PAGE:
Wayne County
  Percent white  
District In community In schools Gap Leaving via choice
Highland Park 3.1 0 -3.1 261
Detroit 4.4 2.2 -2.2 7,833
Inkster 6.2 0 -6.2 182
River Rouge 13.7 7.4 -6.3 501
Harper Woods 20.1 7.4 -12.7 157
Ecorse 24.7 14.5 -10.2 756
Westwood 28.9 22 -6.9 595
Romulus 33.0 21.1 -11.9 730
South Redford 35.3 20.7 -14.6 207
Redford Union 48.1 28.5 -19.6 741
Hamtramck 56.3 45 -11.3 291
Van Buren 57.3 48.3 -9.0 683
Melvindale-N. Allen Park 59.6 56.6 -3.0 350
Lincoln Park 62.9 44.4 -18.5 1,890
Taylor 63.3 55.6 -7.7 1,659
Wayne-Westland 63.9 55.8 -8.1 868
Woodhaven-Brownstown 64.1 70.3 6.2 768
Riverview 67.4 82.7 15.3 186
Northville 71.3 71.7 0.4 176
Plymouth-Canton 71.7 70.9 -0.8 402
Dearborn Heights #7 74.5 63.4 -11.1 395
Crestwood 75.1 89 13.9 145
Grosse Pointe 78.0 75.3 -2.7 62
Southgate 79.9 77.9 -2.0 595
Livonia 81.0 78.5 -2.5 316
Allen Park 83.4 83.5 0.1 236
Gibraltar 84.5 82.5 -2.0 267
Trenton 85.3 88.6 3.3 219
Dearborn 86.5 93.3 6.8 351
Grosse Ile 86.7 90.2 3.5 40
Wyandotte 87.9 81.8 -6.1 390
Flat Rock 90.7 86.7 -4.0 346
Garden City 91.1 81.6 -9.5 217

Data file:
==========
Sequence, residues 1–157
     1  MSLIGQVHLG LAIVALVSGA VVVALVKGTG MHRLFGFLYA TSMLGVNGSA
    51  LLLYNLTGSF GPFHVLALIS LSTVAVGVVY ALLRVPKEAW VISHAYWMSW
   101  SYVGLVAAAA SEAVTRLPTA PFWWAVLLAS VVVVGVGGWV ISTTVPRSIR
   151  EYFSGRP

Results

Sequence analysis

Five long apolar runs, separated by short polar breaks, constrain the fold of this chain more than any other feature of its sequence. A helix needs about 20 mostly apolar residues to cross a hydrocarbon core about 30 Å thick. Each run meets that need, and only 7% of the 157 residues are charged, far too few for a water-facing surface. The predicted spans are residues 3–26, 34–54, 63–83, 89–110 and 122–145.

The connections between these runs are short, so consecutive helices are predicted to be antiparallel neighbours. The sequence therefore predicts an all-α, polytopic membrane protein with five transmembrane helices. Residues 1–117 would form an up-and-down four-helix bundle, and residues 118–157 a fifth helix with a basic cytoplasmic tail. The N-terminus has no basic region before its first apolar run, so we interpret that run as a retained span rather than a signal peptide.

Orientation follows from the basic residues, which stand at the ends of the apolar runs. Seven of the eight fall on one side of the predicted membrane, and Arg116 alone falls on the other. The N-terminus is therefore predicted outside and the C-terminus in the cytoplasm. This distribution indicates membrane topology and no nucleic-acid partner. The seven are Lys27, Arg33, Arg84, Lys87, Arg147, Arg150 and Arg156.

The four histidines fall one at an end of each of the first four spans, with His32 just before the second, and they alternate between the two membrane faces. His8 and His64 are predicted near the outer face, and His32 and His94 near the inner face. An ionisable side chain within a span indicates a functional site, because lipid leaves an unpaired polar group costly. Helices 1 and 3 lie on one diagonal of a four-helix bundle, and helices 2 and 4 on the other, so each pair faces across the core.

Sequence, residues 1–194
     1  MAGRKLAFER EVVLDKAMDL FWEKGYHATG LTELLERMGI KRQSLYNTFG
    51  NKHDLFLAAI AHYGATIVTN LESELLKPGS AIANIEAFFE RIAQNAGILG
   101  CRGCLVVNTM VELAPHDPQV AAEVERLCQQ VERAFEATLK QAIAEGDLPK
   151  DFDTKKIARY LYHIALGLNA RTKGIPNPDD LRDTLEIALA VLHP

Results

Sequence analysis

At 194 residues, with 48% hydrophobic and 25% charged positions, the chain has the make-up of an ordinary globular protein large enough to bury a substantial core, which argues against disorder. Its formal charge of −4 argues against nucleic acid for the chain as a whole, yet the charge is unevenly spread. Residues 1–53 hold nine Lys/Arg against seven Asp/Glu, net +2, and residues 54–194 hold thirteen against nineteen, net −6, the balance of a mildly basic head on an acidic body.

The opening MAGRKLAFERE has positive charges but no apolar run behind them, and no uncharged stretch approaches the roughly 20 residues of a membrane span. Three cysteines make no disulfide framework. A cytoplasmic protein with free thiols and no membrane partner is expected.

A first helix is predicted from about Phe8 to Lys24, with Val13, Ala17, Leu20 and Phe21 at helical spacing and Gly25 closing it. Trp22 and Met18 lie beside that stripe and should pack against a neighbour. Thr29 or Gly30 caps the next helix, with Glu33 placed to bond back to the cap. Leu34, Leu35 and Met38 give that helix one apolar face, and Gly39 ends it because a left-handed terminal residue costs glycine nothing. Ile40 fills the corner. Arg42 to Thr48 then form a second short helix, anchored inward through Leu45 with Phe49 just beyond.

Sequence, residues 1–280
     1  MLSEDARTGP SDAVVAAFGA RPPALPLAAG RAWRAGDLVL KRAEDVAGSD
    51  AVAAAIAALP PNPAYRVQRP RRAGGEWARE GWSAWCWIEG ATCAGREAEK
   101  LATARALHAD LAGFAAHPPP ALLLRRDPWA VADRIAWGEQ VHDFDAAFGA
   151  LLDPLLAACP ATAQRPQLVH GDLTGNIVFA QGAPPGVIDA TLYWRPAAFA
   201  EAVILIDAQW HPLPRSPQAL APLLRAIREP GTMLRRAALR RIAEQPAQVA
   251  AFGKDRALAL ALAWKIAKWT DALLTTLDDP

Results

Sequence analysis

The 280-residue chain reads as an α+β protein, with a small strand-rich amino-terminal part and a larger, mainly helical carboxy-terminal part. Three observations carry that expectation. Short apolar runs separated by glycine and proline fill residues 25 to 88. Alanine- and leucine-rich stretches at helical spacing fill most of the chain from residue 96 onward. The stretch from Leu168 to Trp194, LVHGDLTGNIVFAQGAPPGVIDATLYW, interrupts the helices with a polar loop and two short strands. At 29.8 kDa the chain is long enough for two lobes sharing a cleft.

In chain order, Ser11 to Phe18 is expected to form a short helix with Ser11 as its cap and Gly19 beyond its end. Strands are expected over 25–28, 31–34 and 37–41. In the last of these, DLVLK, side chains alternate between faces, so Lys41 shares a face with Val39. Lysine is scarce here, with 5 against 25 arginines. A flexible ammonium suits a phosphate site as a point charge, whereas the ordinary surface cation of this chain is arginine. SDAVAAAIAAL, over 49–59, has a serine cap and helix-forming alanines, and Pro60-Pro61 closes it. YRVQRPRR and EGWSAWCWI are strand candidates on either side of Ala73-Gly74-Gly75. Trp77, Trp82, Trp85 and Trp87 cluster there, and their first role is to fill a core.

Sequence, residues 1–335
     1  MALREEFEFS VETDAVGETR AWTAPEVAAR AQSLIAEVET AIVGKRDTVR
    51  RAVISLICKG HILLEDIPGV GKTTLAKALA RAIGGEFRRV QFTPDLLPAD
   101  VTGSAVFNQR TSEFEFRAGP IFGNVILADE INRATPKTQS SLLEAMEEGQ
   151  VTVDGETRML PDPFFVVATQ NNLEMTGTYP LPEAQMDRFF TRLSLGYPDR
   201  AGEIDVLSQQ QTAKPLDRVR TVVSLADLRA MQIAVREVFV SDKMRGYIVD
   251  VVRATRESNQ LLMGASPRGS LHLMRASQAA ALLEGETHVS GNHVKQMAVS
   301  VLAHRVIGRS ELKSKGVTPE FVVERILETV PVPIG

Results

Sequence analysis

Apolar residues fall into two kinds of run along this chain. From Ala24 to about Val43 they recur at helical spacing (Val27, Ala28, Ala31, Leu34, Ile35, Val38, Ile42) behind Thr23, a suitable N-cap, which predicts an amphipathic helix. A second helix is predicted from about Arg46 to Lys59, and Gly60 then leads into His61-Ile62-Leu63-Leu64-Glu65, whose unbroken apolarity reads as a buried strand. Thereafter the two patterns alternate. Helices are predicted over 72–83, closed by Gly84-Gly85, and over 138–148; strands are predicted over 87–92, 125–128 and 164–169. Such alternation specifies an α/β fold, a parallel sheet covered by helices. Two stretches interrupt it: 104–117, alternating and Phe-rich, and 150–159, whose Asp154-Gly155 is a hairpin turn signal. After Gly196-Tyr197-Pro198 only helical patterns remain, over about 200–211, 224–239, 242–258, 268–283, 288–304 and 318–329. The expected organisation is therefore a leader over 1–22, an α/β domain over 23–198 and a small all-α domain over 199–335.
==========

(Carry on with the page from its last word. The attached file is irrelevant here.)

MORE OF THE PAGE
Huron 91.2 90.1 -1.1 176
Oakland County
  Percent white  
District In community In schools Gap Leaving via choice
Southfield 15.2 2.7 -12.5 1,275
Oak Park 15.4 3.2 -12.2 1,056
Pontiac 20.4 8.5 -11.9 2,332
Ferndale 50.5 26.7 -23.8 463
Clarenceville 55.7 64.4 8.7 62
Novi 56.2 47.1 -9.1 127
Farmington 56.4 55.8 -0.6 350
Troy 58.0 55.6 -2.4 676
West Bloomfield 61.6 55 -6.6 172
Avondale 62.3 56.9 -5.4 313
Bloomfield Hills 71.0 71.4 0.4 60
Rochester 76.4 75.3 -1.1 277
Waterford 78.0 70.7 -7.3 1,164
Hazel Park 78.0 57.8 -20.2 432
Lamphere 78.5 78.2 -0.3 166
Walled Lake 78.6 77.6 -1.0 346
Birmingham 80.6 78.8 -1.8 214
Berkley 81.8 76.1 -5.7 110
South Lyon 84.9 86.6 1.7 165
Clawson 85.1 72.9 -12.2 131
Lake Orion 85.2 82.2 -3.0 263
Brandon 85.5 83.1 -2.4 218
Clarkston 85.9 87.1 1.2 162
Royal Oak 86.7 80.5 -6.2 383
Madison 88.2 57.8 -30.4 853
Oxford 89.8 85.4 -4.4 140
Huron Valley 90.3 91.3 1.0 702
Holly 90.3 87.6 -2.7 678
Macomb County
  Percent white  
District In community In schools Gap Leaving via choice
Van Dyke 34.8 27.9 -6.9 1,082
East Detroit 37.2 18.6 -18.6 2,954